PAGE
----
cover image Charcoal Sketches and Other Tales

Charcoal Sketches and Other Tales

Henryk K. Sienkiewicz. Angel Books, $23.95 (240pp) ISBN 978-0-946162-32-1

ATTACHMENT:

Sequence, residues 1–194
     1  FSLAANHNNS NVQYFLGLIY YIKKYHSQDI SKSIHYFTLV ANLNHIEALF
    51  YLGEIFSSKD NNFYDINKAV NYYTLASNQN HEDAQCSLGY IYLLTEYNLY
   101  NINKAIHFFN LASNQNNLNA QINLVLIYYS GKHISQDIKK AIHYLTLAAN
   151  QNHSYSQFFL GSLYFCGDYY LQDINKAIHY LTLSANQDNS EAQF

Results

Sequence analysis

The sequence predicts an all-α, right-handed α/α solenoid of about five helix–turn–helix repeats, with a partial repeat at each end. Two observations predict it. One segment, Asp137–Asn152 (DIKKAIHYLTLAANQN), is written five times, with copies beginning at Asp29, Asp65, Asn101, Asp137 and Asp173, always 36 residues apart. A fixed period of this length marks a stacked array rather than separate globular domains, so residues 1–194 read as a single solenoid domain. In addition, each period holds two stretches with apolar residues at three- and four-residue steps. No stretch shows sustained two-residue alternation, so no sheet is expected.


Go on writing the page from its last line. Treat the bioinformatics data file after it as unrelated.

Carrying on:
Zamoyski's sprightly new translation demonstrates that even the passage of a century cannot disguise the wit or lessen the bite of these three novellas by Sienkiewicz, the Polish writer best known for his historical novel Quo Vadis? ``Charcoal Sketches'' uses broad humor to depict the plight of the common folk in the village of Woollyhead who are subject to the rule of the Russian Tsar and, more directly, to the whims of his appointed representative, Mr. Skrofulowski. Meanwhile, they are abandoned by the traditional sources of authority--the local gentry and the Church. ``Bartek the Conqueror'' is a darker tale of a peasant from a Prussian-occupied area of Poland who is sent off to war only to discover that it's easier to fight against the French than to live with the Germans. In ``On the Bright Shore'' Sienkiewicz ridicules Polish expatriates living the high life in Monte Carlo, where, as one prince explains, he could serve his country by exploiting social connections, ``writing out, on a visiting-card, a summary of the economic and political situation,'' certain it would reach the British prime minister. (Apr.)